By Matthew E. Fink, MD

Professor and Chairman, Department of Neurology, Weill Cornell Medical College; Neurologist-in-Chief, New York Presbyterian Hospital

Dr. Fink reports he is a consultant for Procter & Gamble and Pfizer.

SOURCE: Kamel H, et al. Electrocardiographic left atrial abnormality and stroke subtype in the Atherosclerosis Risk in Communities Study. Ann Neurol 2015;78:670-678.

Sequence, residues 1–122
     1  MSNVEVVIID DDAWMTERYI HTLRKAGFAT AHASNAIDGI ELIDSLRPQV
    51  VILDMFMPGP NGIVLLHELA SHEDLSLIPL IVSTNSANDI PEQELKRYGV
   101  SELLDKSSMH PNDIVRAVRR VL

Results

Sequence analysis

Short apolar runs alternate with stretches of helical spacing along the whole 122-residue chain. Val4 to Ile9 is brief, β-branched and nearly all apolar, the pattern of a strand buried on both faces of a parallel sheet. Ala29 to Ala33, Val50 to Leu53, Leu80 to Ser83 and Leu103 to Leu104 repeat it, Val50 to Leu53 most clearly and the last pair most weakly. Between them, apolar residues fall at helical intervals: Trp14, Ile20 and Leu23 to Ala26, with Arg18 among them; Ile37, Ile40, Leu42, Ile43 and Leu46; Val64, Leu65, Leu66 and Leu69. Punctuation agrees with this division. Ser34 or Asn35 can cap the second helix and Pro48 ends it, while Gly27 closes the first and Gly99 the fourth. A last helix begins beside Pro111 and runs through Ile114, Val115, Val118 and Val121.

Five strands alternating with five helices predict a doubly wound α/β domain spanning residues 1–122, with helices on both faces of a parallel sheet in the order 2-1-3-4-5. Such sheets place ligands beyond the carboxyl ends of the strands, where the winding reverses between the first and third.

Atrial fibrillation is a known risk factor for ischemic stroke, with a three- to five-fold heightened risk. However, it is now being recognized that left atrial abnormalities that do not necessarily result in atrial fibrillation, such as endothelial dysfunction, fibrosis, and chamber dilatation, may also increase the risk of stroke. All of these abnormalities may increase the risk of thrombus formation in the left atrium and subsequent cerebral embolism. In this study, the investigators analyzed the presence of left atrial abnormality as defined on electrocardiogram by the P-wave terminal force in lead V1 > 4000 µV per meter-squared. The cohort consisted of 14,542 participants aged 45 to 64 years, prospectively enrolled in a population-based study, and free of clinically apparent atrial fibrillation. Outcomes were ischemic stroke, divided into non-lacunar and lacunar stroke. During a median follow-up period of 22 years, 904 participants (6.2%) experienced a definite or probable ischemic stroke. The incidence of stroke was higher in those with a baseline left atrial abnormality as defined above, 6.3 per 1000 patient-years, compared to 2.9 per 1000 patient-years in those without atrial abnormalities. In a regression model, the presence of a left atrial abnormality was associated with a hazard ratio of 1.33 (statistically significant). This association was limited to non-lacunar stroke (hazard ratio = 1.49) and would be consistent with cardiogenic embolism as a cause for ischemic stroke. Left atrial abnormalities should be investigated and searched for in patients with ischemic stroke consistent with cardiogenic embolism, even in the absence of atrial fibrillation.